Newborns often experience gassiness, which is normal, especially in the first few months. That is because their digestive system is not yet fully matured. A gassy tummy is simply described as air in the stomach or intestines that goes away on its own. There are times that it can be painful for our little ones so we as parents should know ways how to relieve their gas pains.
Why does my baby have gas?
The main reason for having a gassy baby is that their digestive system is not fully developed yet. Before they are born, babies feed through their umbilical cord connected to the mother's placenta, making it easier to get their needed food and nutrients. There is a vast difference between feeding in the womb and feeding outside independently. They need to practice how to feed, suck, and latch. A big adjustment for newborns whose digestive system is still developing, and most times, they get gassy through feeding.
Babies can also swallow air through excessive crying and minor digestive problems like food allergies, introduction to a new food, lactose intolerance, or overeating. Talk to your pediatrician about the best options concerning digestive issues.
How to know if your baby have gas
Your baby cries. Having a gassy tummy can be uncomfortable and can make your baby fussy. Sometimes they can get red when crying and looks irritable.
Spit ups. Babies spit up when they swallow air during feedings. When the stomach is full and the baby's position suddenly changes, the stomach contents can flood back up on the esophagus.
Pulling up their legs. If you notice your baby pulls up their legs toward their belly, it signifies that your baby has tummy aches, and they are trying to relieve the pain by doing this movement.
Decreased appetite. If your baby may not eat or feed as they used to, they might be bloated from gas or feel tummy cramps.
How to help relieve your baby's gas?
Burping. It is standard practice after feeding. If your baby suffers from gas, you can burp them during feedings. One way to tell if they are gassy is when your baby turns away from the bottle or the breast fussily after a few minutes of feeding. This indicates your little one is not yet full; instead may be gassy. You can try to burp them mid-feeds by sitting them upright and giving them a gentle pat on the back. You can try to mid burp every after 2 to 3 ounces or if you are breastfeeding, try every 5 to 10 minutes, that is, if your baby is fussy.
Try to control feeding. An upright position during feeding may prevent more air from being swallowed. Avoid fast feeding. You can change the nipple into a slow flow for bottle feeders and ensure it is always full before feeding it to your little one. Ensure your baby is latched correctly to prevent air swallowing during breastfeeding. If you have oversupply, consult a health care provider or a lactating consultant.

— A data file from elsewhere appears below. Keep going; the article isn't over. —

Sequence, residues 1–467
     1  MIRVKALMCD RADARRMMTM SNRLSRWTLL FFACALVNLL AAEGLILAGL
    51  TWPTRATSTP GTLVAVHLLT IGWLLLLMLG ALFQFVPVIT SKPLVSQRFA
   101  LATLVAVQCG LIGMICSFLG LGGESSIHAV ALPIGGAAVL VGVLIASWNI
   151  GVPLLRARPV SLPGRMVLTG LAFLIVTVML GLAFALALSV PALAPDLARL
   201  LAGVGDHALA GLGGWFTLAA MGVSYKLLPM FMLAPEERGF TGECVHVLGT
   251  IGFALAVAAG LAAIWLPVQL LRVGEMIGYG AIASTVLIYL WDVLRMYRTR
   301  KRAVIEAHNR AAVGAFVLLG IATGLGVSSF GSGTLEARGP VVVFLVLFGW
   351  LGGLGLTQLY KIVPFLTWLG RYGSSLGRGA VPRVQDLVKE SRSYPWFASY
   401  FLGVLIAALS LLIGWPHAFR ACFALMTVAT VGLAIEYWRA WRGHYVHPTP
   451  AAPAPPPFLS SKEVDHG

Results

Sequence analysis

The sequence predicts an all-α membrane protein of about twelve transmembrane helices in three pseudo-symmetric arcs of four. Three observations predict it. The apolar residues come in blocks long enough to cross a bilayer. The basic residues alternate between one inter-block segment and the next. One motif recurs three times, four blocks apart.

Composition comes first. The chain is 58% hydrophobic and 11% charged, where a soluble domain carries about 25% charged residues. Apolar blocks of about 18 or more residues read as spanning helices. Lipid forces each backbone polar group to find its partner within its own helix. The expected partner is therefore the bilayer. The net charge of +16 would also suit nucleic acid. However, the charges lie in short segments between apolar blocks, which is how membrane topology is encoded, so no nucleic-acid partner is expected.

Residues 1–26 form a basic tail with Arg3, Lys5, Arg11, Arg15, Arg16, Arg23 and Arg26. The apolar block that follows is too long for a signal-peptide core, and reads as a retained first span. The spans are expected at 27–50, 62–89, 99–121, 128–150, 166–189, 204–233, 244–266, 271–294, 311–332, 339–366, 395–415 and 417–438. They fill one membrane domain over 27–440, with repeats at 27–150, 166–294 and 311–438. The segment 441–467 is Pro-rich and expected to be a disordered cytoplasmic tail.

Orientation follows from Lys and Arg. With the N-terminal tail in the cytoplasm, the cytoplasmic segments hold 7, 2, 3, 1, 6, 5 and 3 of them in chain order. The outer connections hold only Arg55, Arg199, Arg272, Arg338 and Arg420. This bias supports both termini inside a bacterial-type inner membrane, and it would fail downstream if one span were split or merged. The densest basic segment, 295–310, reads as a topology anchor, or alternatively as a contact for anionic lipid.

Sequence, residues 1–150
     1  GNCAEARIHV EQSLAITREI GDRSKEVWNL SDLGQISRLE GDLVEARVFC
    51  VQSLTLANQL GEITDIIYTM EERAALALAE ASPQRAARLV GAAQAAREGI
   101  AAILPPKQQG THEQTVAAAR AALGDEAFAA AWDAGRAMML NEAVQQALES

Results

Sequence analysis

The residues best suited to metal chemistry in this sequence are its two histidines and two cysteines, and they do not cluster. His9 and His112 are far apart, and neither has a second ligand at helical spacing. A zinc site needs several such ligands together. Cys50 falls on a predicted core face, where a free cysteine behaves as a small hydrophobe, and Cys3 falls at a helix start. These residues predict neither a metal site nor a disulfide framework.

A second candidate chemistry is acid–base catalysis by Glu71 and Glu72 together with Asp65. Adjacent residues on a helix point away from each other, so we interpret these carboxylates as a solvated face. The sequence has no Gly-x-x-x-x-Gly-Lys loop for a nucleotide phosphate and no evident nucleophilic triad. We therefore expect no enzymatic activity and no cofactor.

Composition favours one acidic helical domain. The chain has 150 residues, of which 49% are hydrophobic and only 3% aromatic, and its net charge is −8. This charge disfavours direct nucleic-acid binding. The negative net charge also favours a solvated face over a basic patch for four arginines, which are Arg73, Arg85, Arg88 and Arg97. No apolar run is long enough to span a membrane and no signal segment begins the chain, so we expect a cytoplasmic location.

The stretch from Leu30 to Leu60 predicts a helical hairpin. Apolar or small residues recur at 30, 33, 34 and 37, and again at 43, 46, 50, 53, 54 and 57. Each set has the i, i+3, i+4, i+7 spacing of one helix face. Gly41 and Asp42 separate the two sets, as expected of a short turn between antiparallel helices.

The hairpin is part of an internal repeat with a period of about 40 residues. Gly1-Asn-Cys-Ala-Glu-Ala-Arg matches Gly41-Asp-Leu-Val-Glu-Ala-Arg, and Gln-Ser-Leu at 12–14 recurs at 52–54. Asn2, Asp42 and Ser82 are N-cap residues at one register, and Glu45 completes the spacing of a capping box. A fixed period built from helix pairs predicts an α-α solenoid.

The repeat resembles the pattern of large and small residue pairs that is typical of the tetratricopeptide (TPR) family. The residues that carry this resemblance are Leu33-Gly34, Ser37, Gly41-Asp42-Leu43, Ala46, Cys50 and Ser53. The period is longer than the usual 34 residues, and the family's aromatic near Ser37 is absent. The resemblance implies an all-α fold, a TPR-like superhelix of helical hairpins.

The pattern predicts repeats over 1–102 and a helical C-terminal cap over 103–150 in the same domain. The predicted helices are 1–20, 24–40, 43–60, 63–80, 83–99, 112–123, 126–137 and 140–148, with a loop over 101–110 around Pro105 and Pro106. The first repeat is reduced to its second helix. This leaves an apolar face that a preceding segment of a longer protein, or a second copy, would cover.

Learn hunger cues. Crying can cause air to be swallowed, so why wait for your baby to go hungry when you can feed them before they get cranky? Creating a routine may help. Also, watch out for signs like sucking motion, rooting for the breast, or putting fingers in the mouth. Best to respond to hunger cues more quickly to lessen their cries and lessen the chance of getting gassy.
Tummy time. Lay your baby on her tummy across your lap, support the head and gently massage her back. The pressure can help relieve your baby's gas. Do not place your baby into this position after feeding as they may spit-up. Wait at least 20-30 minutes before putting them in their tummy. Always supervise your baby and do not leave them asleep in this position as it may increase the risk of SIDS (Sudden Infant Death Syndrome.
Massage. Gentle massages can help your baby calm and relax. Use a baby massage oil and rub it on their tummy. Then into the other body parts like the back, shoulders, arms, and legs. This can help your baby relax and pass gas.
Bicycle legs. A little exercise will help. Place your little one on their back, then make a bicycle motion with their legs. You may also hold their knees up towards their tummy to help push them out.
For breastfeeding moms, check your diet. There may be foods that are sensitive for your little one. There are foods that cause gas like dairy products, caffeine, cabbage, onions, garlic, and spicy foods. Cut out on those foods then observe if it will improve your baby's tummy issues.
For formula-fed babies, the kind of milk they feed maybe be adding up to their gassy issues. Do not just switch to another formula as your little one might be lactose intolerant or allergic to their current milk. Kindly talk to your pediatric on what is the best milk for your baby.
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